I’ve had this post written in my head for several months already, but I’ve hesitated to actually publish it because it has the potential to come off as snotty and ungrateful. However, I promise that is not my intent.
Instead, I hope it simply encourages you to stop and think for a few moments before you give to charity, give to the food pantry, give to a local organization, give overseas, or even give to your own friends and family.
There are so many times when we (myself included) have our own agendas for giving — we want to give what WE want to give, whether or not it is useful, needed, or appreciated by the recipient.
There are hundreds of examples I could share… but I’ve chosen 7 that hit close to home for me personally. I think they are enough to get my point across!
1. Donation Center Drop-Offs:
I’ve written about this before (read that post here) but I have to mention it again today.
As you probably already know, I’m a HUGE advocate of purging, selling, and donating things we no longer need, use, want, or love. However, just because we don’t need, use, want, or love something does NOT mean our local donation center will want it either.
Please, if your stuff is trashed, if it doesn’t work, if it’s missing important pieces, or if it’s long-outdated technology, just put it in your own trash can or figure out how to recycle it.
One man’s trash is not always another man’s treasure — and bringing our “trash” to a donation center so we feel better about getting rid of it simply creates more work and expense for the organization, meaning less funds and energy devoted towards the overall mission of the organization.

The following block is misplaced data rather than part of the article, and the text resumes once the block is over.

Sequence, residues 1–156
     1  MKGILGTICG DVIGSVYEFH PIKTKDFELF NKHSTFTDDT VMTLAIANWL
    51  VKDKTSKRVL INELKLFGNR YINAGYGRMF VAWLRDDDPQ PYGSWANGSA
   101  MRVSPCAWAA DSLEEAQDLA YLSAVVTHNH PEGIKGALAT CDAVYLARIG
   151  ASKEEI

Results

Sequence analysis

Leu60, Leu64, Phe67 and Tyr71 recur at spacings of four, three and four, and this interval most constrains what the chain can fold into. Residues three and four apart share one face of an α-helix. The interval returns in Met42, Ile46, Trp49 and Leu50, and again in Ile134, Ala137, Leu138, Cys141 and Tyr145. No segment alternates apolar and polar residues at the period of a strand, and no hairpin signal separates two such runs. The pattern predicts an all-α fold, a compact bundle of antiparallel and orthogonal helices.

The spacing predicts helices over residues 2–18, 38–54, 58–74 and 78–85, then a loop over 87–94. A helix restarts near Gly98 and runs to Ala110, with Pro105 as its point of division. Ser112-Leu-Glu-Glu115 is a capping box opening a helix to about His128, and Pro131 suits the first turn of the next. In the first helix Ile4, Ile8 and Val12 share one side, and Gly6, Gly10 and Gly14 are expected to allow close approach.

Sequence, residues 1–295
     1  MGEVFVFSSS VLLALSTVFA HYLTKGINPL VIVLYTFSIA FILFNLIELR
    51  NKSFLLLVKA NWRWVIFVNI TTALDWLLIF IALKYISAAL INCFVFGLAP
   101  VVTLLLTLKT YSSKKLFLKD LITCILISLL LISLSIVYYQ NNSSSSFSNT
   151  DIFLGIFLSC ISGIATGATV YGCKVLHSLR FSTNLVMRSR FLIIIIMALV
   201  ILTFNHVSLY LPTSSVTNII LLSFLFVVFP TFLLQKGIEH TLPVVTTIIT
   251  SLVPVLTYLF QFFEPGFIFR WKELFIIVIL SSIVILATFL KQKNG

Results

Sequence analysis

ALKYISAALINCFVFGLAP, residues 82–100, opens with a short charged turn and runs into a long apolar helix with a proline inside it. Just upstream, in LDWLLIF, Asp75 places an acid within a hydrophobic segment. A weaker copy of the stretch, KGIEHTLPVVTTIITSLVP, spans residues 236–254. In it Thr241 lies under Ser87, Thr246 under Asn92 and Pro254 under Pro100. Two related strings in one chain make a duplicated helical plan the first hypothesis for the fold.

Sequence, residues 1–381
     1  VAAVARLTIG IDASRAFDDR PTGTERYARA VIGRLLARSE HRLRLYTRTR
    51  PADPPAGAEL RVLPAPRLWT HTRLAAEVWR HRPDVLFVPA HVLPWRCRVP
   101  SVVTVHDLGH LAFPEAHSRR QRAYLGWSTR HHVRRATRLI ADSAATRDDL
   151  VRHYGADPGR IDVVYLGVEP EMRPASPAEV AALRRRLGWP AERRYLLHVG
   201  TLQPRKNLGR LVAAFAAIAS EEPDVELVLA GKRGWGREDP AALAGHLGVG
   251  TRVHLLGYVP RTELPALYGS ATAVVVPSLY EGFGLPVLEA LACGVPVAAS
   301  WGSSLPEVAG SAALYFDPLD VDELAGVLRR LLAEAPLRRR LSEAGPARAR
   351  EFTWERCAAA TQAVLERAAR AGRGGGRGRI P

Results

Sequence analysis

2. Food Pantry Gifts:
Our church collects non-perishable foods and paper goods on a regular basis, and our family often donates a few items each time — but do you know HOW MUCH MORE these food collection agencies can do with a simple $5 or $10 donation (either cash or a grocery gift card)?
Most food pantries buy in bulk, often get special pricing, and know exactly what foods are needed most. So although they will gladly and cheerfully accept whatever foods we give them, they almost always prefer small (or large) cash or gift card donations as they can really stretch these dollar to buy exactly what they need.
Of course, I am not discouraging anyone from giving food (unless it’s expired food… PAH-LEEZE do not give expired food!) I know giving food is a fantastic tangible way to share what we have with people in our own community (and it’s a great learning experience for children too). However, the next time you run to the store to buy groceries for donation, maybe just get a $5 or $10 gift card instead.
In fact, our local food pantry often has “double days” or “triple days” when we can buy a gift card on certain days and the amount will be doubled or tripled by the grocery store or a local business. This means I can buy a $5 gift card and the organization will get $15 — which is SO much more beneficial than a box of cereal or crackers.
3. Disaster Relief Donations:
I am not extremely knowledgable on how disaster relief donations work — but I’ve read enough to know that there are lots and lots and lots of very UNHELPFUL donations sent, simply because we are giving to satisfy our own need/want/desire to help.
We hear of a need and we want to help (which is awesome) but instead of pausing and thinking about a logical way to help, we simply do what WE want to do at that moment.
We (US government) spent $300,000 to ship bottled water to West Africa when we could have simply sent water purification pumps for $300 (and not polluted their community with plastic water bottles).